Between every generation, there is a gap of knowledge and experience. But in today's digital society, that disconnect seems wider than ever.
"Growing Up Today" aims to give parents a window into their children's everyday lives and the challenges they face.
Among the students we spoke with at Garfield High School, Everett High School and Lake Washington High School, Snapchat was the most popular way they communicate with friends. However, they were quick to dismiss the concern they might be sharing inappropriate content. Just goofy pictures, they assured us.
"It's not that serious. Most of the time, it's silly pictures or funny faces or something like that," Garfield senior Moët said.
Teens also appreciate the efficiency of texting and group messages through apps like GroupMe. And it might be somewhat surprising to learn a handful of teens still make phone calls. Yes, phone calls. Lindsay, a sophomore at Lake Washington, said she likes the human interaction but notes not all of her peers share the same sentiment.
"If you call someone, they might not answer. Then they'll text you, 'Oh what's up?' And you're like, 'I just called you,'" Lindsay said.
When it comes to how teens treat each other on social media, most of the bullying they see is subtle and often among friends.
"I think a lot of people hide behind social media because they think, 'No one will get mad and I won't get caught.' But it's the same thing," Everett student Zoe said.
However, constant communication among friends can leave teens feeling left out.
"You could be at home alone, and you'll see all of your friends post a story on Snapchat, and they're going to the movies or they're hanging out or going to a party. And you're just like, ‘I'm at home by my lonesome,'" said Gabryelle, a junior at Lake Washington.
The students stressed the importance of standing up against bullying, but acknowledged it's not always a simple task.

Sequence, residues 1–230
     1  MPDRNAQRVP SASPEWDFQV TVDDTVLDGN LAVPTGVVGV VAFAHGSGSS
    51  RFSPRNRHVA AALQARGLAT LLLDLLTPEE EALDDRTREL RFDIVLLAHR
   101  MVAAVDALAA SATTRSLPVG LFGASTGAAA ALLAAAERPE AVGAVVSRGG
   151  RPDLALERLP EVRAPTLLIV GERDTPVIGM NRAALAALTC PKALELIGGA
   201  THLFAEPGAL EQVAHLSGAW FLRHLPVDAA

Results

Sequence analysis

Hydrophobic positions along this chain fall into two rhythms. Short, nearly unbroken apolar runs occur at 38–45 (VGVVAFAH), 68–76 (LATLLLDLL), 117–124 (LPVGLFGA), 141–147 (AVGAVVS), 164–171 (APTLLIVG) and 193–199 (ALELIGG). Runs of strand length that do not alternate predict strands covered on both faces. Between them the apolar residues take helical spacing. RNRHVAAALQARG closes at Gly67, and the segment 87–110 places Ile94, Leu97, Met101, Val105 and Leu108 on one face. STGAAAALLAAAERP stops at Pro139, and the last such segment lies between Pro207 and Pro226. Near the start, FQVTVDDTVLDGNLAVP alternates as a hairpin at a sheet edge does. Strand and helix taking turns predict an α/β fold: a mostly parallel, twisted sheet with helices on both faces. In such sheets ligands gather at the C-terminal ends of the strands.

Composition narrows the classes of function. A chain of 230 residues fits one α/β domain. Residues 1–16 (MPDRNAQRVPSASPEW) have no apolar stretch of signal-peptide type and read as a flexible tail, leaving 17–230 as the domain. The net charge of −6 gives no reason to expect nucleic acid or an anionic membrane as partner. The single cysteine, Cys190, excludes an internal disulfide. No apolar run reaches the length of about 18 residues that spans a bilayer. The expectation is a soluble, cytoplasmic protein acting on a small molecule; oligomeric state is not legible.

"A lot of people try to play it off as a joke. If you're like, ‘Hey, that's not OK. You're actually hurting that person.' Then other people are like, 'No no, it's just a joke. Don't be such a downer.' I think it's the worst when it's among friends," Lindsay said.
"You have to stand up for yourself and for another person because nothing's going to happen if you're not going to go out of that comfort zone," Lake Washington junior Clara said.
The overarching message we heard from teens is they want their parents to listen to their problems, not try to solve them.
"If I come to [my dad] with a problem, he doesn't see it the way I see it. He doesn't feel the way that I feel because he's been through something like that. But you know, I haven't. So, you telling me you've been through this doesn't help me out. To me, something might feel like the end of the world, but for him, he's been through it," Lake Washington senior Stossi said.
"Sometimes you just want to vent," Lindsay added.
And they dread hearing the phrase: "I'm not mad. I'm disappointed." Instead, Clara says it's more important for a parent to be a friend.
"A friend would say, ‘I'm going to help you out with this.' They're not going to send you to your room or punish you. They're going to help you out with it and discuss it with you, "Clara said. "Parents...they're the ones that created you. They should be the closest people to you."
Most of the students we interviewed said they knew of peers who smoked cigarettes, drank alcohol and used marijuana.
While they said alcohol is common at parties, they told us most kids know better than to drink and drive. When pressed on where teens were getting the alcohol, since they're all underage, the room went silent. "No comment...next question," one student remarked.
When parents are extremely strict about alcohol, some students believe that can have an adverse reaction on teens.
"It's kind of like when you're a kid, and someone's like, you can't have ice cream for dinner, you can't have a dessert. Then you want it. But if they're like, OK you can have it whenever you want, then your desire for it goes down," Lake Washington sophomore Abby said.
Clinical psychologist Dr. Laura Kastner said it's important to keep the conversation going about drugs and alcohol.